Joining me around the campfire today is fantasy author C.F Welburn creator of the Ashen Levels series.
- Hi CF Welburn, tell us a bit about yourself and what inspired you to write?
As far back as I can remember I’ve had a passion for writing. Certainly, since primary school when I fell in love with Fighting Fantasy books, The Lion, The Witch and The Wardrobe and subsequently, The Hobbit. I was lucky that I had parents that read to me, and some great teachers that encouraged me to use my imagination! I also grew up in the countryside, so playing in the woods and making dens always gave me a sense of adventure!
- What appeals to you most about the fantasy genre?
I suppose it’s just the sense of magic, danger, adventure. Something that used to set my young mind to daydreaming and these days as pure escapism.
- Tell us a little bit about your latest project and the challenges you’ve faced putting it all together?
I’m currently being torn between two projects. One being a standalone grimmer-darker tale of revenge (TBA 2021); the other being a four book series which will have multiple POVs and be more of an end-of-the-world affair… I’m also working on the narrative for a videogame with my brother-in-law, called The Prison.
- What type of characters do you like to write the most and how much of yourself do you put into them?
This would depend on the story. For example, in The Linguist the main character is pretty flawed, and his decisions have led him to a very dark place, which was interesting to write and get inside his headspace. But the most fun character to write by far has to be Balagir from The Ashen Levels. Despite myriad challenges he never loses his dark sense of humour, and ability to outwit most of his adversaries.
- For any wannabe writers out there what’s the most useful thing you’ve learned?
I’m afraid my advice will likely be the same old spiel… Write what you want to read, enjoy what you do, never be afraid to push your ideas much further than the initial spark. If you’re in a slump go for a walk, travel, listen to music, read, play! Try to write little and often… Basically, have fun! This is your creation, make it shine!
- What writing tricks do you utilise to hit your deadlines and keep your stories on track?
[insert manic laughter] Fortunately, I never tell anyone about my constantly shifting deadlines, to avoid putting unnecessary pressure on myself. It’s ready when it’s ready and if that takes twice as long as intended, or the book doesn’t resemble in any way its original concept, then so be it. The creative process is exactly that; a process. Like making a cake when the kitchen is covered in flour and smells slightly of burning. In the end it’s the final product that you put out that matters. If I’m not 100% happy with it, I’d rather sit on it and write something else. With the Ashen Levels I had some loose plot points, but lots of room to manoeuvre, so the story never was on track, because there was no track… Well, perhaps a dirt track, choked with nettles and riddled with ditches. That made it more enjoyable to write, and gave me more freedom to chase surprising ideas.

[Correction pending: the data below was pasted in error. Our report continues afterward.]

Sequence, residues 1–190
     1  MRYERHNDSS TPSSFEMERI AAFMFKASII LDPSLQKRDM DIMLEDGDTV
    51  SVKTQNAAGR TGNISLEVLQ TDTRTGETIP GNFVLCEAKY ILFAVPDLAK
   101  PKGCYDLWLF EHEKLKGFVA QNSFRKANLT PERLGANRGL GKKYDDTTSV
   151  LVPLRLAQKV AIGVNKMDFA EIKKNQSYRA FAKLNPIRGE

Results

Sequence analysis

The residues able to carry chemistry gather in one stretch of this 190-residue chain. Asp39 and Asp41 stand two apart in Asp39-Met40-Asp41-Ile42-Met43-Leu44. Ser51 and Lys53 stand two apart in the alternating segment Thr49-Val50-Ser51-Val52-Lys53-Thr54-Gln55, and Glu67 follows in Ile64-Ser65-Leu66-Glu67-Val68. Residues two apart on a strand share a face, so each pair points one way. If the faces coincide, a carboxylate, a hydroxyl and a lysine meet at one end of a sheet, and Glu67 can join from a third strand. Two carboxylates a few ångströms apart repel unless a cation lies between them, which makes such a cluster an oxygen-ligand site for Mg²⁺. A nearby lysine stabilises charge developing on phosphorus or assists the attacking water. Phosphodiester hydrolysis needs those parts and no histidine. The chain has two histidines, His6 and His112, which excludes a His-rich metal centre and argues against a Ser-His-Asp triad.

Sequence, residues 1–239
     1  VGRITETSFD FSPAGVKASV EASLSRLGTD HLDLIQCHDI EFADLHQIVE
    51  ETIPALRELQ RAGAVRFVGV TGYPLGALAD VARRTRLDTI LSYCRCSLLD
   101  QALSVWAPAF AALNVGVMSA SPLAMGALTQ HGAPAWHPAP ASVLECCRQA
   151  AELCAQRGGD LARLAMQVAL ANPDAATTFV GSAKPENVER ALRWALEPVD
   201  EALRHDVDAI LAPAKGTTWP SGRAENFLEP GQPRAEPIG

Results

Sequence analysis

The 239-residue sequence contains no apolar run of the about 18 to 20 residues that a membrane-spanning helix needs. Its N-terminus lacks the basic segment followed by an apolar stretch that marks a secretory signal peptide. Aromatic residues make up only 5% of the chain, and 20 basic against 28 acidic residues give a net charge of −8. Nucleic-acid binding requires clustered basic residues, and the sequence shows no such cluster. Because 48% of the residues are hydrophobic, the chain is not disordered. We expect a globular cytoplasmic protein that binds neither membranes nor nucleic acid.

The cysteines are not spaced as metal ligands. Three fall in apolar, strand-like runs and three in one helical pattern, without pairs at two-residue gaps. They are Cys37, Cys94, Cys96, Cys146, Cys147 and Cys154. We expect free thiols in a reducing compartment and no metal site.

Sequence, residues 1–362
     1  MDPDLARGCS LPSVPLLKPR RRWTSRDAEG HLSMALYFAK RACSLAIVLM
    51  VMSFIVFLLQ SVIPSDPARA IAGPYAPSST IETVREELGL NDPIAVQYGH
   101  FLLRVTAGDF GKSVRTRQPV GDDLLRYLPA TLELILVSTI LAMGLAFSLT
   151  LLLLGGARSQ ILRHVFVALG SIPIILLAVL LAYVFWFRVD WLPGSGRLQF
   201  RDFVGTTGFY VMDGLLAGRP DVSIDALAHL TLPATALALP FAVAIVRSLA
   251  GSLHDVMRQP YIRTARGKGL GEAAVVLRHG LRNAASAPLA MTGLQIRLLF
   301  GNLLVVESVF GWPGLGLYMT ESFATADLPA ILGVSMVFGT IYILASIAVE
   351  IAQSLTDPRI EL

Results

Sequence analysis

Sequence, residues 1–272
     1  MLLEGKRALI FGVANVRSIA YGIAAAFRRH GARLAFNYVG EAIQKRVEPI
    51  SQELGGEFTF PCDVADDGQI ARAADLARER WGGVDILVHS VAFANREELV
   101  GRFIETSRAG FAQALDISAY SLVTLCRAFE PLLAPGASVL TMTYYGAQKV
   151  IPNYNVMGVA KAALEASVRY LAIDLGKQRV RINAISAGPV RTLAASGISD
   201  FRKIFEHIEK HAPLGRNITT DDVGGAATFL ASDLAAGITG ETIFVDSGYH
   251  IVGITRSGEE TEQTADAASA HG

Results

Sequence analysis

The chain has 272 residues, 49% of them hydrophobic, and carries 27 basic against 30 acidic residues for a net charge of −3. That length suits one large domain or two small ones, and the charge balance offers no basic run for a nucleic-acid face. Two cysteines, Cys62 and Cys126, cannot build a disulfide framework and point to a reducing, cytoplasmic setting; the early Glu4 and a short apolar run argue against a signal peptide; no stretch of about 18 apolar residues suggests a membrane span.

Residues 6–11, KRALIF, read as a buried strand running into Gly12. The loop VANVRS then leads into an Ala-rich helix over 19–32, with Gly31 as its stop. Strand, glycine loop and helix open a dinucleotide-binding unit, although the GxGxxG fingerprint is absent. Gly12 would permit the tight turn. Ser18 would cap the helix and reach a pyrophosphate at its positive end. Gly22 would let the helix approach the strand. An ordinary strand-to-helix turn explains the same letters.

- Are you a plotter or a pantser (make it up as you go)?
I tend to be a little bit of both. I have general ideas, milestones, situations in mind, and then I begin to see how they might all fit together. Of course, this depends on the project. The Ashen Levels’ first draft was 75% pantsing, whilst the series I’m working on at the moment is requiring significantly more plotting to make sure the magic system makes sense…
- What plans do you have for the future? A new series or perhaps a dip into other genres?
I want to write a mixture of standalones and series. These days I’m tending to prefer standalones in the way that they feel self-contained and stay in my mind, like the old classics used to. However, Epic fantasy as a genre works really well in series format and it’s nice at times to get lost in something you know is going to last you a while! I have working titles for my next 3 books, but I’m keeping them close to my chest until nearer the time.
- With the world the way it is at the moment what sort of tales do you prefer? Ones with heroes where good triumphs over evil or ones that take a darker approach?
In spite of the current situation I haven’t found that my reading (or gaming/music) tastes have changed. I like stories that have a fun element and quirky sense of humour, but I’ve always been drawn to the darker, tragic side of literature, too. If it’s too happy I don’t feel as much impact from the story. Then again, too much doom and gloom can be a bit tiresome. Think about a dark, dramatic, stormy day with the occasional shaft of sunlight and invigorating breeze.
- What’s better, Harry Potter, Lord of the Rings or Star Wars?
Despite being born in 1977 and my early years being spent with the (original) Star Wars trilogy, I’m going to have to go with LOTR. The book formed a cornerstone of my childhood, and I thought what Peter Jackson did with the films was spectacular! (The Hobbit films, not so much). If Harry Potter is on at Christmas I’ll watch and enjoy it, but I kind of missed the Hogwart’s Express on all of that.
Thanks for the interview, Matthew! My website has just had a facelift which you can check out for a bit more about me and my books. Oh, and Part 1 of The Ashen Levels (Fledgling) is currently 99c. If you want to take a stab at something for the price of a Mcdonalds’ cheeseburger, then you’ve not much to lose. It’s not quite as fattening, but may leave a greasy residue. I also occasionally lurk on Facebook and Instagram.